WASHINGTON — In a trio of notifications Friday afternoon, the U.S. State Department cleared more than a billion dollars in potential weapon sales for three of America’s military allies.

Canada has been cleared to purchase $387 million worth of MK 54 lightweight torpedo conversion kits, South Korea $313.9 million in SM-2 Block IIIB missiles, and Japan $313 million worth of AIM-120C-7 Advanced Medium-Range Air-to-Air Missiles.

The notifications, posted on the website of the Defense Security Cooperation Agency, top $1.017 billion in potential sales. Raytheon is the primary contractor on all three of the potential sales.

As with all DSCA notifications to Congress, the sales must be approved on Capitol Hill and go through negotiations with the supplier, which can lead to changed quantities and dollar figures in the final agreements.

South Korea’s request covers “up to” 94 SM-2 Block IIIB missiles, along with associated equipment and training, including 12 MK 97 MOD 0 guidance sections. South Korea’s military already uses the SM-2, and is in the process of building more missile-defense capable destroyers that use the weapon.

“This proposed sale will support the foreign policy and national security objectives of the United States by meeting the legitimate security and defense needs of one of the closest allies in the INDOPACOM Theater. The Republic of Korea is one of the major political and economic powers in East Asia and the Western Pacific and a key partner of the United States in ensuring peace and stability in that region,” the DSCA notification reads. “The proposed sale will provide a defensive capability while enhancing interoperability with U.S. and other allied forces.”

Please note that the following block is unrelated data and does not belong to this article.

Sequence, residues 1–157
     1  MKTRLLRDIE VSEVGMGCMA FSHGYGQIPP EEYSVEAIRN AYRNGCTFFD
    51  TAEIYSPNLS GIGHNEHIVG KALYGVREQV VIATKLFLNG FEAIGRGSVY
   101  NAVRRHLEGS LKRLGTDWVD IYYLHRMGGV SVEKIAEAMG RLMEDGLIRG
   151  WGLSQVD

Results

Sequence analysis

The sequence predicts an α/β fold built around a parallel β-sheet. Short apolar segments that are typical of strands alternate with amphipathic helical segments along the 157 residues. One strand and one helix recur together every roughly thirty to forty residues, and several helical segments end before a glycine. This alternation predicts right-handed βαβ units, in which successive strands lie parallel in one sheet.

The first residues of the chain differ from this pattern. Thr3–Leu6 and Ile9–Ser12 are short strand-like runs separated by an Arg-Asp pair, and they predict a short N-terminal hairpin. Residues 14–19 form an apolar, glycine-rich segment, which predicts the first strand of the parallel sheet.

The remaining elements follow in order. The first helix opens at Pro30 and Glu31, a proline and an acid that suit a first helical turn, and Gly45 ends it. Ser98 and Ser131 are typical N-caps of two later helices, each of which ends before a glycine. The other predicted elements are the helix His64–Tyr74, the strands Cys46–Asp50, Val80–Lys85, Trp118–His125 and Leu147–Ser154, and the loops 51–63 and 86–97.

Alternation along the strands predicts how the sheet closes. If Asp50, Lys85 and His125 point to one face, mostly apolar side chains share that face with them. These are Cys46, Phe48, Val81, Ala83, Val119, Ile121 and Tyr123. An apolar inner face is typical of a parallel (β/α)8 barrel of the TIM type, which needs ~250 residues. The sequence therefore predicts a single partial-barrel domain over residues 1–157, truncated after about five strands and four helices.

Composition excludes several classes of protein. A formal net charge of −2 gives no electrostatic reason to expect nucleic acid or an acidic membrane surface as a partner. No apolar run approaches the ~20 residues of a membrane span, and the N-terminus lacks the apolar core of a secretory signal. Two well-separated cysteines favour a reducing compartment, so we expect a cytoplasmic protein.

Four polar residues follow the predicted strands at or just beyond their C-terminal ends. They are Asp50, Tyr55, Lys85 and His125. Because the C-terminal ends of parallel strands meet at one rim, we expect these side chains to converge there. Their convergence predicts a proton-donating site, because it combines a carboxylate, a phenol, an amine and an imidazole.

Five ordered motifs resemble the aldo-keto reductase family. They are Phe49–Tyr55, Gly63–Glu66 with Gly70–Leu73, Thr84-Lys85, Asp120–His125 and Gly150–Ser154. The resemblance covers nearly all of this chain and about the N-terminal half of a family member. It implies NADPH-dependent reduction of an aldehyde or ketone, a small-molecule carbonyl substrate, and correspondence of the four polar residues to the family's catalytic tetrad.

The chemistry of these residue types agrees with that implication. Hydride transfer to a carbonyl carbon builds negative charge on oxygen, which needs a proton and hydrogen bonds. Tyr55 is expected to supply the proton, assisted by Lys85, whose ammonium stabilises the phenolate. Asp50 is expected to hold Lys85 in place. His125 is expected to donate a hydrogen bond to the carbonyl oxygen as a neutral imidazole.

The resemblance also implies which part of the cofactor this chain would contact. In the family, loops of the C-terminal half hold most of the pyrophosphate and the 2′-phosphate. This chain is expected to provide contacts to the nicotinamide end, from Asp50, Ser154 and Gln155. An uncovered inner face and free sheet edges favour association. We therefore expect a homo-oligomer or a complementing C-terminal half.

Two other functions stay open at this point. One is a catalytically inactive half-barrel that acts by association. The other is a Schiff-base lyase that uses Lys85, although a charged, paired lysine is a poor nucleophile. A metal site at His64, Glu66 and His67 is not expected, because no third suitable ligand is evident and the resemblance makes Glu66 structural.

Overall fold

Primary work will be done at Raytheon’s Tucson, Arizona, facility. There are industrial offsets required by Seoul, but those have yet to be finalized.

Japan’s request covers 160 AIM-120C-7 AMRAAMs, one AIM-120C-7 AMRAAM guidance section and associated support. Although not specified by DSCA, the AIM-120C can be equipped on the F-35 Joint Strike Fighter, of which Japan recently increased its planned procurement.

“It is vital to U.S. national interests to assist Japan in developing and maintaining a strong and effective self-defense capability,” the DSCA notification reads. "The proposed sale of these missiles will provide Japan a critical air defense capability to assist in defending the Japanese homeland and U.S. personnel stationed there.”

Japan has been stocking up on high-end munitions, having previously requested $1.774 billion since Oct. 1, according to DSCA notifications, including a previous tranche of AMRAAMs.

As with the South Korea deal, primary work will be done at Raytheon’s Tucson facility, and there will be future offsets defined.

Canada’s request covers 425 MK 54 lightweight torpedo conversion kits, along with associated support equipment. The kits will be used to upgrade Canada’s existing MK 46 torpedoes.

“The MK 54 torpedo is designed to be easily upgraded from the existing MK 46 torpedo,” the DSCA notification reads. “Canada plans to utilize MK 54 Lightweight Torpedoes on its Royal Canadian Navy's Halifax class ships, the Royal Canadian Air Force's CP-140 Aurora Aircraft, and the CH-148 Maritime Helicopters. Canada will have no difficulty absorbing this equipment into its armed forces.”

Primary work will be done at Raytheon’s Portsmouth, Rhode Island, facility, and it will require some form of offset, in accordance with Canada’s Industrial and Technological Benefits policy.

Aaron Mehta was deputy editor and senior Pentagon correspondent for Defense News, covering policy, strategy and acquisition at the highest levels of the Defense Department and its international partners.

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